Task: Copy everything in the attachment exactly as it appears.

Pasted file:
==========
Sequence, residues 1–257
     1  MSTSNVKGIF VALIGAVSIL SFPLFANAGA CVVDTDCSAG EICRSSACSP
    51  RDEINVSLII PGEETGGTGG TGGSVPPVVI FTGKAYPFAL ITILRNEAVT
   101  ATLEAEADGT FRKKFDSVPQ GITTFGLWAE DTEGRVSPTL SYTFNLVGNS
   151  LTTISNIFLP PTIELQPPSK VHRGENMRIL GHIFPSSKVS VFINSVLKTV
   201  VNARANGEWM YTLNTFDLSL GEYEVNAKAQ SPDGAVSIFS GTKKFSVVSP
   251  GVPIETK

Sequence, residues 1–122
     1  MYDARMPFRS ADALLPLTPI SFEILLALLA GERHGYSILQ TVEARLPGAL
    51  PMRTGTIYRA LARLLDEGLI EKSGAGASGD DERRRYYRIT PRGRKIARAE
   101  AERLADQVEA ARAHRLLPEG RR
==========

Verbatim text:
Sequence, residues 1–257
     1  MSTSNVKGIF VALIGAVSIL SFPLFANAGA CVVDTDCSAG EICRSSACSP
    51  RDEINVSLII PGEETGGTGG TGGSVPPVVI FTGKAYPFAL ITILRNEAVT
   101  ATLEAEADGT FRKKFDSVPQ GITTFGLWAE DTEGRVSPTL SYTFNLVGNS
   151  LTTISNIFLP PTIELQPPSK VHRGENMRIL GHIFPSSKVS VFINSVLKTV
   201  VNARANGEWM YTLNTFDLSL GEYEVNAKAQ SPDGAVSIFS GTKKFSVVSP
   251  GVPIETK

Sequence, residues 1–122
     1  MYDARMPFRS ADALLPLTPI SFEILLALLA GERHGYSILQ TVEARLPGAL
    51  PMRTGTIYRA LARLLDEGLI EKSGAGASGD DERRRYYRIT PRGRKIARAE
   101  AERLADQVEA ARAHRLLPEG RR